Millennials (18–34 years old) are one of the most impactful groups of consumers globally. This generation is estimated to grow fourfold, to account for 50% of Australia’s population by 2030. In customer service and brand experience, these consumers have high expectations and low tolerance. They are more likely to switch to a competitor brand if their preferred brand provided poor customer service. They are prepared to switch brands should they not be provided with the experience they want, when they want it. With challenger brands attacking market share in the most profitable niches, enterprise is being tested constantly by nimble competitors.
For marketers navigating this changing and competitive landscape, it’s crucial to be aware of how customer service impacts the brand loyalty of younger generations.
Quality, price and good customer service drive loyalty
LivePerson’s latest consumer research found that ‘quality’ is the primary driver of loyalty (46%), followed by ‘price’ (16%) and ‘good customer service’ (15%). However, for those aged 18–34, quality was found to be even more important than for those 55 and older (58% vs 34%). These higher expectations are reflective of a generation that is time-poor and quick to cut ties with a brand.
Silent brand boycotts are common among younger generations
Younger generations can also be non-communicative with their preferred brand, with nearly half not telling brands when they are dissatisfied, simply stopping shopping with them following a poor brand experience.
These ‘silent’ brand boycotts are common, and the concerning thing for brands is that many may not even be aware they are losing customers. It becomes far more difficult for brands to monitor and understand customer behaviour if there is no communication between the two.
As consumer expectations climb, brands are faced with a growing demand to provide quality products and services along with quick and effective customer service.
Overcoming the brand loyalty challenge begins with the customer experience
Poor customer service costs brands thousands of customers a year, with one in five surveyed saying they would switch to a rival brand after a single bad customer service experience.
Younger generations expect brands to do the work for them – meaning that every element of the experience must be seamless and intuitive, from ease of communication to browsing preferences.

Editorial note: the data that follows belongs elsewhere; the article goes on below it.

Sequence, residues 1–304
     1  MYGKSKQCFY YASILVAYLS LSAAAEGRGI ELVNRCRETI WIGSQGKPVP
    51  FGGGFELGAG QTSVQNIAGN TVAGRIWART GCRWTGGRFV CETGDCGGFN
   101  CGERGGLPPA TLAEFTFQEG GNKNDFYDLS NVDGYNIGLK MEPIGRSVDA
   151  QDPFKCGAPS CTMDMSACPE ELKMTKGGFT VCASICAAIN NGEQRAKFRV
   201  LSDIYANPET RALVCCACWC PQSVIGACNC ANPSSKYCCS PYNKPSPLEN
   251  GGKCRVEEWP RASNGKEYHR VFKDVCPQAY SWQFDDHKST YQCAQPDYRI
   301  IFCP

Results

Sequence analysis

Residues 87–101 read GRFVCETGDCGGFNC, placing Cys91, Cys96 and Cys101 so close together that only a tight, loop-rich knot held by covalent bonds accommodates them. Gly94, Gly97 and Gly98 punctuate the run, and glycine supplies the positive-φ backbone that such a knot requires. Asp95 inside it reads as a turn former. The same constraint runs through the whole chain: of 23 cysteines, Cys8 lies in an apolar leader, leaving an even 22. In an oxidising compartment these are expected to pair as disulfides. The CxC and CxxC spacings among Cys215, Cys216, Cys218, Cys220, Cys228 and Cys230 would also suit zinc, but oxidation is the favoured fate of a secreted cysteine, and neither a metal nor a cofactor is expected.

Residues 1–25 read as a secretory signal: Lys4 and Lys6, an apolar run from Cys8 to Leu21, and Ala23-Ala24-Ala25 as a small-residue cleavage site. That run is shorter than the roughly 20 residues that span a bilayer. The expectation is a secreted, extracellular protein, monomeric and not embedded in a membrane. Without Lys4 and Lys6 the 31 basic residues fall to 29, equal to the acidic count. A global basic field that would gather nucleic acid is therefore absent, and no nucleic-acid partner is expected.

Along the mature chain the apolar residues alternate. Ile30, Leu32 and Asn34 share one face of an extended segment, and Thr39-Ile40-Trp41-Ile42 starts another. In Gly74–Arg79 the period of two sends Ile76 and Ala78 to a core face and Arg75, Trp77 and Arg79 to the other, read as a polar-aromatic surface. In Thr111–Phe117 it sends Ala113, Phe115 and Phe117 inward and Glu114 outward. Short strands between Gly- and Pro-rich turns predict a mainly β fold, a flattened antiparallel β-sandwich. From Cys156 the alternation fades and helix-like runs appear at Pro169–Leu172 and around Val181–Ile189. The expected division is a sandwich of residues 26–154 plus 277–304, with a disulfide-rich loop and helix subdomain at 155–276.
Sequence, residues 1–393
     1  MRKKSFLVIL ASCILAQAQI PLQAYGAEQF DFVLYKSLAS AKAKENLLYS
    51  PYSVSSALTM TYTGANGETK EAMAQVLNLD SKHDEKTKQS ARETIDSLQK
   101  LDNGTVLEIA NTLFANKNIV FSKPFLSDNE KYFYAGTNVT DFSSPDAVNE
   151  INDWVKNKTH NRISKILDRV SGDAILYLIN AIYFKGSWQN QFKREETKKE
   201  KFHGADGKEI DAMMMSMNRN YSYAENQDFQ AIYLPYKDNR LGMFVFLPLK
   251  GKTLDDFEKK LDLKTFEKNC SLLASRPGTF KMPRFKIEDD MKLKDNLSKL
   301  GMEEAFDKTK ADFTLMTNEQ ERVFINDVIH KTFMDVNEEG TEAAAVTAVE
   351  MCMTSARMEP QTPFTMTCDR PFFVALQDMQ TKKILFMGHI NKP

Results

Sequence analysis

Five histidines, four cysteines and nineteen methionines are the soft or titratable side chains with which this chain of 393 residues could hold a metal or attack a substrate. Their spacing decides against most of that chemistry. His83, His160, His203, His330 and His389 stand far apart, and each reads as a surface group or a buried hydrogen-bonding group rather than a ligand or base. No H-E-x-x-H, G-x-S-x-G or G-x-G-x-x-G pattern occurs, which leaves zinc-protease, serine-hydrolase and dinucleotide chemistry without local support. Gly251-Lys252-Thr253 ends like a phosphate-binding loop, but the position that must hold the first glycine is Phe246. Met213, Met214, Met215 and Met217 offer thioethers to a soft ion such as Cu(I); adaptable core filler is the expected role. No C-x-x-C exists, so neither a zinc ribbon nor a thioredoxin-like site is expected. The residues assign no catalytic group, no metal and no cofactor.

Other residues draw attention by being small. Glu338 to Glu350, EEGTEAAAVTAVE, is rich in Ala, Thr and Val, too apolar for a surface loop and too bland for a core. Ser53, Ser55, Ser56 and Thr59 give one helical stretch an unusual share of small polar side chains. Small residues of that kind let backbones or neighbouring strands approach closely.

Focusing on enhancing customer experience is essential to attracting and retaining younger consumers. Brands have to make it easy and simple for consumers to communicate with them and give feedback, because the ability to provide seamless service at the right time and through their preferred communication channel is essential to solving issues and building relationships. This means giving thought to the customers’ conversational journeys with the brand to create that connection and drive long-term brand loyalty.
Designing a conversational customer journey
Only one in 10 young consumers said they would pick up the phone and call a company they are dissatisfied with.
Brands need to create avenues for direct conversations with their customers through the platforms they are comfortable with and use every day – messaging. Brands have still not made this shift to offer conversational customer experiences that allow for open dialogue.
Designing a conversational customer journey that lets consumers speak with brands in the same way they connect with their friends and family (through messaging apps, SMS and Facebook Messenger) will help enhance the customer experience and drive loyalty.
Brands can work with conversational design teams to create an effective customer journey, from start to finish, with messaging. Layered on top of this, artificial intelligence can serve to increase efficiencies and give customers quick and easy access to the help they need. Providing this accessibility and ease of communication has great potential to increase customer satisfaction and boost brand loyalty.
While millennials may pose a significant challenge for brands, their importance cannot be ignored. The future of consumer relationships is conversational – brands that learn to facilitate the changes demanded by this generation of consumers will be best placed to drive brand loyalty.